By Curt Yeomans
Lewis Academy of Excellence students will sing, cheer and release more than 600 balloons today as the Riverdale-based charter school holds a ribbon cutting ceremony for its new 14-classroom expansion.
Lewis Academy Founder Patricia Lewis said the ceremony, which will begin at noon, is scheduled to include remarks from herself, Riverdale Mayor Evelyn Wynn-Dixon, State Rep. Roberta Abdul-Salaam (D-Riverdale), and Georgia Charter Schools Association Chief Executive Officer Tony Roberts.
The Clayton County Chamber of Commerce will oversee the ribbon cutting for the new building, according to the chamber's web site.
Lewis Academy of Excellence, a kindergarten-through-fifth-grade school is in its fifth school year of operation. It was Clayton County's first charter school when it opened in 2005. It has occupied the 28-acre former Woodward Academy Busey Campus, at 8009 Carlton Road in Riverdale, since 2007, but it needed additional classroom space to meet enrollment demands, according to the school's founder.
"Our enrollment has [nearly] tripled since our first year," Lewis said. "We had approximately 250 students when we opened. We now have an enrollment of 635 students. If this building had been ready at the beginning of the school year, we would have had more students. We had to turn students away, because we did not have space for them at the time."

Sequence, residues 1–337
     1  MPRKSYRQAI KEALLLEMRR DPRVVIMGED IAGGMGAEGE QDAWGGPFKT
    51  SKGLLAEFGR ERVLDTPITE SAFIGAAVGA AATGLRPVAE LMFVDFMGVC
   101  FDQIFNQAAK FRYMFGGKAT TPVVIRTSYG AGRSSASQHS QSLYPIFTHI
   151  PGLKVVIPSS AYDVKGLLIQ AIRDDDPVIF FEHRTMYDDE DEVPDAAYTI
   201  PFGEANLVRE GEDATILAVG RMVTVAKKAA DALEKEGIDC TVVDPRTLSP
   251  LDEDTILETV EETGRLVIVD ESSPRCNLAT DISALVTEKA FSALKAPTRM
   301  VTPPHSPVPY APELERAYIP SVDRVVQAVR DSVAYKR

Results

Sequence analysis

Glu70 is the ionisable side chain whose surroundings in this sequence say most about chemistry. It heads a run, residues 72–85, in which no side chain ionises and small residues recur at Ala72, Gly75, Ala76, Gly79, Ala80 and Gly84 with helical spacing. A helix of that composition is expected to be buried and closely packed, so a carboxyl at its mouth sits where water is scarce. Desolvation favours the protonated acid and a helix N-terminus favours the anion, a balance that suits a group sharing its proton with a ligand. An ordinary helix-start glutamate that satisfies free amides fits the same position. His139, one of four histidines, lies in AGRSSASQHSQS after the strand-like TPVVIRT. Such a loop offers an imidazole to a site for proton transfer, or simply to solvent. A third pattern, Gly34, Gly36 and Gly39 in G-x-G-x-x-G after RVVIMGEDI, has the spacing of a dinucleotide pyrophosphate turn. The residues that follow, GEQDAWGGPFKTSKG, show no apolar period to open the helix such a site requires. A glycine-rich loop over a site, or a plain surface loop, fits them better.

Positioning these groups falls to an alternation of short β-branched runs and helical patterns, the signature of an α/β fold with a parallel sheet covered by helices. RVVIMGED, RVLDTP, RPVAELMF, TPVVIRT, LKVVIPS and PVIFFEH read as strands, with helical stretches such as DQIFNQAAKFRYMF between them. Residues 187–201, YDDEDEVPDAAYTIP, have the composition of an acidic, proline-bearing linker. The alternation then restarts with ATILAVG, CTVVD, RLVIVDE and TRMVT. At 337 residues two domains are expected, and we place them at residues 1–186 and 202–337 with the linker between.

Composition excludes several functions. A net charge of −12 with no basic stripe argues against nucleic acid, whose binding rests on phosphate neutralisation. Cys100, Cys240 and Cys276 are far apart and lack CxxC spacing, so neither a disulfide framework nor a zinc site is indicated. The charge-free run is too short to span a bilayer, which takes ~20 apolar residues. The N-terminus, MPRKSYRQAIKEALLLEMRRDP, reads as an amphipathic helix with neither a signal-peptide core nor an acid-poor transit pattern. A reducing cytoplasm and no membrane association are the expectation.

According to Lewis, the school's new classroom building, which she said cost approximately $300,000, has a lunchroom, gymnasium and office space, in addition to the 14 classrooms.
Lewis Academy Principal Zandra Perrymon said the structure is a modular structure, but it differs from traditional modular classrooms in that it is designed to house several classrooms. It is located across from the school's playground.
Perrymon said the 14 new classrooms are capable of housing 270 students, and the school will put second-grade, third-grade and fourth-grade students in the building. "Every class will have a restroom, and there will also be a cafeteria and a gymnasium in the building, so there will be no need, really, for the students to leave that building during the school day," Perrymon said.
Even with the new building, Lewis Academy will still be crunched for space, its founder said. "That [new] building is already full," Lewis said. Perrymon added that she expects enrollment will top 700 students during the 2010-2011 school year, because the academy currently has larger kindergarten and first grades than its higher grades, and she expects grade sizes will continue to grow as the younger students grow older.
"We have seven kindergarten classes, and seven first-grade classes, but we only have five second-grade classes, so -- assuming all of those first-graders return next year -- we will need to add two second-grade classes next year," Perrymon said.
Lewis and Perrymon point to the school's academic reputation as one reason why the enrollment continues to grow. Lewis said the school has met the Adequate Yearly Progress mandate of the federal No Child Left Behind Act every year it has been in existence.
Perrymon said another factor is that the school is offering an increasing array of activities for its students. In addition to having a school chorus, a creative cooking course and an after-school program, Lewis Academy has added a cheerleading squad and a co-ed basketball team this fall.
"A lot of it is word of mouth," said Lewis. "The parents are so pleased with the school, that they are telling other parents about the school. The biggest advertisement you can have is parents telling other parents how good your school is."